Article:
The straight tube butt welding is a pulsed arc welding process using spray type of metal transfer both at average current levels and low current levels which are very much suitable for out of position welding and thin gauge material welding. In this process the heat for coalescence is produced by an arc between a continuous consumable electrode and the work. Shielding is obtained from a separate externally supplied gas or gas mixture (Argon + CO2 ). The shielding gas protects the weld metal from atmospheric contamination. The materials that can be welded are ferritic steels, stainless steels and their combinations. The gases that are generally used in the welding are Argon, Helium, CO2 or their combinations. The gas flow shall be initiated automatically a few seconds prior to welding and shut off a few seconds after the arc is extinguished.
Each weld shall be subjected to RTR inspection and accepted or rejected based on the following limitations.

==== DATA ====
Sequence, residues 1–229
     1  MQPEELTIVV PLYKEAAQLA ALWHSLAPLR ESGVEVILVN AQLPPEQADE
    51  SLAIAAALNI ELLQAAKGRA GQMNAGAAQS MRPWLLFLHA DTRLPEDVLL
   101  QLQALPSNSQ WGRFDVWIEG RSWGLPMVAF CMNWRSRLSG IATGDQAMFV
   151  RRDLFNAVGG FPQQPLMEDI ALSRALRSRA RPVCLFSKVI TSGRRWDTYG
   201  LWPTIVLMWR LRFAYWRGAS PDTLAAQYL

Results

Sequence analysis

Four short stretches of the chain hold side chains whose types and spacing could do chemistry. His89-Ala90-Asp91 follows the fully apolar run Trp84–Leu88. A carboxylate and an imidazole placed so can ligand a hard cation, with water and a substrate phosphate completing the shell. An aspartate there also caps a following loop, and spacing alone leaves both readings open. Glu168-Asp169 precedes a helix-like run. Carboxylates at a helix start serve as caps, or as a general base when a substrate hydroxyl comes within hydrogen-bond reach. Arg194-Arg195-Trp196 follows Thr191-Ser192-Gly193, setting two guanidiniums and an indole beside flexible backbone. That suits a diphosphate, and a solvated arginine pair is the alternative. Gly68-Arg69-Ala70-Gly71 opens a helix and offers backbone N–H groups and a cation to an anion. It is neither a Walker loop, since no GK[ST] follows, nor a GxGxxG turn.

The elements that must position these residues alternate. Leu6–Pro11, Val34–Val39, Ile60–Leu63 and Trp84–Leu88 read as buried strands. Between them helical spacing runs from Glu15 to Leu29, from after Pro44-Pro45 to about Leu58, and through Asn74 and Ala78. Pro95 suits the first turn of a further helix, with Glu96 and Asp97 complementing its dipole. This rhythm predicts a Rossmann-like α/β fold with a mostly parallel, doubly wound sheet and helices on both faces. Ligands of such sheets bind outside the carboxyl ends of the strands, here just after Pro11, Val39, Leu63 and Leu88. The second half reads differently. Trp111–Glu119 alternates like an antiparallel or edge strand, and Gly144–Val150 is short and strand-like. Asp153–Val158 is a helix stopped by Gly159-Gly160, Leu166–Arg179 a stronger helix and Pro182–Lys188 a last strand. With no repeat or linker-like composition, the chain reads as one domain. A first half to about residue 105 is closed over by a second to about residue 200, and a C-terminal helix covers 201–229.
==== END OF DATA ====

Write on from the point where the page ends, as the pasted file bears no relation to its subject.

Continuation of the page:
Real Time radioscopy is a NDT method in which penetrating radiation (X-rays or g rays) is passed through an object to produce an image on a video monitor and the image is viewed in concurrent irradiation. The arrangement of the source, object and image plane is similar to the conventional film radiography.
X-ray image is converted into a digital image through a long chain, consisting of an X-ray image intensifier, optical lens system between camera and intensifier, video camera and analog to digital converter electronics.
Conventional X-ray image intensifier tube is used to convert the X-ray image to light , then to electrons and back to light on the output screen of the tube. A CCTV camera is focused on the intensifier output screen. The output from the camera is amplified, digitised, stored, enhanced and displayed on TV monitor.
The X-ray image is obviously limited to the image intensifier screen diameter, which is commonly 150 to 400 mm diameter, although larger tubes exists. These type of systems are most widely used with X-ray Kilo voltages in the range of 50 to 300 kV.